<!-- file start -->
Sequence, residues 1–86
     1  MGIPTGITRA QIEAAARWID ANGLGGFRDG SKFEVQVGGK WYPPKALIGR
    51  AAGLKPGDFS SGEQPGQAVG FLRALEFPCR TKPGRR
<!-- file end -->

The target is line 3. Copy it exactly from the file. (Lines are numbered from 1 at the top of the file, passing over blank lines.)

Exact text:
    51  AAGLKPGDFS SGEQPGQAVG FLRALEFPCR TKPGRR